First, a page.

Scientists Decode the Science of Sleeping and Waking Up

Tuesday, April 19, 2016

Sleeping Activity

Researchers from the University of Maryland School of Medicine, US have identified a crucial pathway in the brain that plays a key role in regulating the switch between wakefulness and sleep. The findings could lead to better treatments for insomnia and jet lag.

Researchers during the experiment focused on a particular brain area – the suprachiasmatic nucleus (SCN) in the hypothalamus. This region acts as the brain’s internal clock which determines when living beings feel like going to sleep and when they feel like getting up including the duration of the sleep. The research published in Nature Communications examined mice, whose schedule is opposite to humans i.e. they sleep during the day and wake up during the night.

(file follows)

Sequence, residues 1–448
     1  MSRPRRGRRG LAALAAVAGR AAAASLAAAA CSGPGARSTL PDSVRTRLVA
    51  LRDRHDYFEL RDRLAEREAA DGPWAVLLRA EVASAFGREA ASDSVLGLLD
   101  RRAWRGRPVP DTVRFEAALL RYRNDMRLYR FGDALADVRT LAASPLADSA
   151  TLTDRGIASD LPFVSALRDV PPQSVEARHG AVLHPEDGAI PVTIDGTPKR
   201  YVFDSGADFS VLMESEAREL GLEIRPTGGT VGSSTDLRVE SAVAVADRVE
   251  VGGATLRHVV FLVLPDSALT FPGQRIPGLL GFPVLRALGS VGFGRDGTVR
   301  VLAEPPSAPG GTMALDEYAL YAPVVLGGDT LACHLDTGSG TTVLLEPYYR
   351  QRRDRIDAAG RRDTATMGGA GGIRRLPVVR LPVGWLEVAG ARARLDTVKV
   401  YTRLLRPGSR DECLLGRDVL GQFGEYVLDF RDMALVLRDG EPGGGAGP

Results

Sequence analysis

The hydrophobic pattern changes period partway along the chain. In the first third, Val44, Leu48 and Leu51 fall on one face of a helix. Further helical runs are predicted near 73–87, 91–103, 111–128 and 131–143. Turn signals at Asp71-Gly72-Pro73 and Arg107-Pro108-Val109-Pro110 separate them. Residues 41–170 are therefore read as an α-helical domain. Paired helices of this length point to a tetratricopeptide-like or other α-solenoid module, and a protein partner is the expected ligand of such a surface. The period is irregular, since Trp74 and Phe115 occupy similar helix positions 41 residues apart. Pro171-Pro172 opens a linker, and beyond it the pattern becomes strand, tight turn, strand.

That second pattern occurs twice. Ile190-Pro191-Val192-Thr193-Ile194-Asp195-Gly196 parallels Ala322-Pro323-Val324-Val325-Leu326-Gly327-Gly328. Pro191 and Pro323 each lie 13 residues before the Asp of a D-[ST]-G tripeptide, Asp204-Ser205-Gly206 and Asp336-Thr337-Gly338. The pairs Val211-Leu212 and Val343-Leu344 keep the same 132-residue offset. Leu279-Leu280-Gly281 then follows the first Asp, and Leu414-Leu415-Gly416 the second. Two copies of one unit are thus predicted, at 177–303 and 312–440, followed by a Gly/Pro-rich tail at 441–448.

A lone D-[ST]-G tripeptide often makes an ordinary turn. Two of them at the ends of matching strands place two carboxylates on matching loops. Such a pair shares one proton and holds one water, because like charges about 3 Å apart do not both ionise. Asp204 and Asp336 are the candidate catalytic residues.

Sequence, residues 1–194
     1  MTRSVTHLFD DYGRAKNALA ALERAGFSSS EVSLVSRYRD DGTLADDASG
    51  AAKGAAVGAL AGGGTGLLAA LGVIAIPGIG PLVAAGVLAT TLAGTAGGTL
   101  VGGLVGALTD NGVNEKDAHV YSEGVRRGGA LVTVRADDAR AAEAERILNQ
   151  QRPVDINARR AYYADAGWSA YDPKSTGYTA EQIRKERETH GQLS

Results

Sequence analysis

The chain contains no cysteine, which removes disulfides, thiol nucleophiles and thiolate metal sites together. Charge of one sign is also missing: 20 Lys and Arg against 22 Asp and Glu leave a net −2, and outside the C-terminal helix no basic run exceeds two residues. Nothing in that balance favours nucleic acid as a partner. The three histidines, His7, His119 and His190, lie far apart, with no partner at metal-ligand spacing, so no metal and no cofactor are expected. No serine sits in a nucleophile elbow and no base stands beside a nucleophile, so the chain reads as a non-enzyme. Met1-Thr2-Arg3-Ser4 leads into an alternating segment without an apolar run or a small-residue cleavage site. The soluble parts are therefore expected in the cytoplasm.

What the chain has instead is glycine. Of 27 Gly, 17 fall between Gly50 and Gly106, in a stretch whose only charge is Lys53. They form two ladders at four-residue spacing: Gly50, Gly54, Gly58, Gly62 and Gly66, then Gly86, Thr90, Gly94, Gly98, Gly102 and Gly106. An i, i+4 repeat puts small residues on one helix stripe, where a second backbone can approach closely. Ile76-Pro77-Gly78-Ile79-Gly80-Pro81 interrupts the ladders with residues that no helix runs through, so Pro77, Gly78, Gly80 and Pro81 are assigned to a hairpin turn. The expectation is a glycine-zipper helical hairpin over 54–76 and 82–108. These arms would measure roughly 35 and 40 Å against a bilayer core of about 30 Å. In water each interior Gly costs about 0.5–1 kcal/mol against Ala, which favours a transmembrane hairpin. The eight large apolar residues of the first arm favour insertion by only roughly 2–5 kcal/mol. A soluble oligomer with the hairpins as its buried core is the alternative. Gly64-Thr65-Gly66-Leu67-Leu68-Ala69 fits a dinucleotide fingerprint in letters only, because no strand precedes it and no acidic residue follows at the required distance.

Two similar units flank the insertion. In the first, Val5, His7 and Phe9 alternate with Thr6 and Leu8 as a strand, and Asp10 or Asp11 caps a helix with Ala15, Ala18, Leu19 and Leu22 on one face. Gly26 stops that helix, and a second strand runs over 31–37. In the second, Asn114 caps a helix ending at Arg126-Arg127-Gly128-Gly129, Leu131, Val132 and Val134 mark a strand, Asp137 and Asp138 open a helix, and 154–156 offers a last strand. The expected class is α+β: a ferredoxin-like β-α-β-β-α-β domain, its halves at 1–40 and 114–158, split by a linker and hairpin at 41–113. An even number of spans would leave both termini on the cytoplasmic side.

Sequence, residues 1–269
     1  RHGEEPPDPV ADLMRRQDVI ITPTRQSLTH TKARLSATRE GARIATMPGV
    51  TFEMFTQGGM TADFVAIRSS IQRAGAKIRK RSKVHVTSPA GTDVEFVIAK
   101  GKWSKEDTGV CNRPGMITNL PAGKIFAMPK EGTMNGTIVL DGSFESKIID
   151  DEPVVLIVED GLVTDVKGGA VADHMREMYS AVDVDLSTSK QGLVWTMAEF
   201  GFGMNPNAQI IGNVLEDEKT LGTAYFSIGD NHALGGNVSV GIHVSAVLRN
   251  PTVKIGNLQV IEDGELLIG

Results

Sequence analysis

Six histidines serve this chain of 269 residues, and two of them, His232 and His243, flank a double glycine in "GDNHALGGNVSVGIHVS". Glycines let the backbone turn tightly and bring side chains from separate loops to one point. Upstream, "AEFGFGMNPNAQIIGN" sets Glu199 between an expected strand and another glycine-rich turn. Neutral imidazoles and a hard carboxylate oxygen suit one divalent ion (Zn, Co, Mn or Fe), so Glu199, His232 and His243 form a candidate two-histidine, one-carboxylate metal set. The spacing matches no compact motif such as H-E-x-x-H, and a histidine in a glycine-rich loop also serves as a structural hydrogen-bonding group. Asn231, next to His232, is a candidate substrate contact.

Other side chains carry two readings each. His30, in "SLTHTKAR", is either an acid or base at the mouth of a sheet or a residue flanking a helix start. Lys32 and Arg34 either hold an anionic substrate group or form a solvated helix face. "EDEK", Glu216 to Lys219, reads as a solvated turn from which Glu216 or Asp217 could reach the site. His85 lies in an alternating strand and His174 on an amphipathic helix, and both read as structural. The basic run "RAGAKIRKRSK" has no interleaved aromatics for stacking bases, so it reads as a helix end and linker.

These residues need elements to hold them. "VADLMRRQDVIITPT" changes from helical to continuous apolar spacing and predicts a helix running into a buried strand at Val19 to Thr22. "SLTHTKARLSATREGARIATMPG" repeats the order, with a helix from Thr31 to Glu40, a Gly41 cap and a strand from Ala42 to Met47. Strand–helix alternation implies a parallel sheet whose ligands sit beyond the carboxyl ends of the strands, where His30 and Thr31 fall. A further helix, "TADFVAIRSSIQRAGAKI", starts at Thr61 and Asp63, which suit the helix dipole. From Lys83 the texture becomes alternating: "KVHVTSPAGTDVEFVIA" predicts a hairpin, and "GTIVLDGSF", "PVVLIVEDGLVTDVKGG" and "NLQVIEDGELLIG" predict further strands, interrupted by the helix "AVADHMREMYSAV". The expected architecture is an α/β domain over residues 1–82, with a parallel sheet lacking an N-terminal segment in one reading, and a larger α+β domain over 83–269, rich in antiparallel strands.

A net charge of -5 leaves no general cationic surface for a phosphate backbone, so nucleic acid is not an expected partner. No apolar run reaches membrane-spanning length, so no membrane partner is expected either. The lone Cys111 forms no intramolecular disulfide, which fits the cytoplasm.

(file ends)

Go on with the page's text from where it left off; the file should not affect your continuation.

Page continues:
The element of focus within the SCN was certain ion channels – proteins that conduct electrical current, relaying information from one neuron to another. Researchers also focussed on a group of channels known as BK potassium channels in the SCN. Researchers found that the BK channels are active in the mice during night when they are awake and inactive during day when they are asleep. The role of BK channels during daytime was to inhibit wakefulness.

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